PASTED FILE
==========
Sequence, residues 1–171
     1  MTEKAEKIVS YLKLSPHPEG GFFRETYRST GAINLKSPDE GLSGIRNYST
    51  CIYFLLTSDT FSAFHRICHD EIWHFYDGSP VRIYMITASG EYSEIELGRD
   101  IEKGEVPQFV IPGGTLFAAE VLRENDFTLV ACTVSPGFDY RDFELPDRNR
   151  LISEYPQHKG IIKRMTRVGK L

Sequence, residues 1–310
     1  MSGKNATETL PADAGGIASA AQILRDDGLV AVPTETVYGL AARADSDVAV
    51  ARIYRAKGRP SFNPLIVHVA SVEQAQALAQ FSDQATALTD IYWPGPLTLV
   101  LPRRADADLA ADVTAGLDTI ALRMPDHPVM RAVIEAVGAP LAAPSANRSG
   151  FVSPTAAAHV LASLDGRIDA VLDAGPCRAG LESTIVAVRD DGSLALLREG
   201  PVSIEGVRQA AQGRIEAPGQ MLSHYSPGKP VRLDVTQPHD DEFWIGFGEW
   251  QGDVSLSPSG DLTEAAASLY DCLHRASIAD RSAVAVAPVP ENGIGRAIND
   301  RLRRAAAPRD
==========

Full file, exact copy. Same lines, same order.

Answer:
Sequence, residues 1–171
     1  MTEKAEKIVS YLKLSPHPEG GFFRETYRST GAINLKSPDE GLSGIRNYST
    51  CIYFLLTSDT FSAFHRICHD EIWHFYDGSP VRIYMITASG EYSEIELGRD
   101  IEKGEVPQFV IPGGTLFAAE VLRENDFTLV ACTVSPGFDY RDFELPDRNR
   151  LISEYPQHKG IIKRMTRVGK L

Sequence, residues 1–310
     1  MSGKNATETL PADAGGIASA AQILRDDGLV AVPTETVYGL AARADSDVAV
    51  ARIYRAKGRP SFNPLIVHVA SVEQAQALAQ FSDQATALTD IYWPGPLTLV
   101  LPRRADADLA ADVTAGLDTI ALRMPDHPVM RAVIEAVGAP LAAPSANRSG
   151  FVSPTAAAHV LASLDGRIDA VLDAGPCRAG LESTIVAVRD DGSLALLREG
   201  PVSIEGVRQA AQGRIEAPGQ MLSHYSPGKP VRLDVTQPHD DEFWIGFGEW
   251  QGDVSLSPSG DLTEAAASLY DCLHRASIAD RSAVAVAPVP ENGIGRAIND
   301  RLRRAAAPRD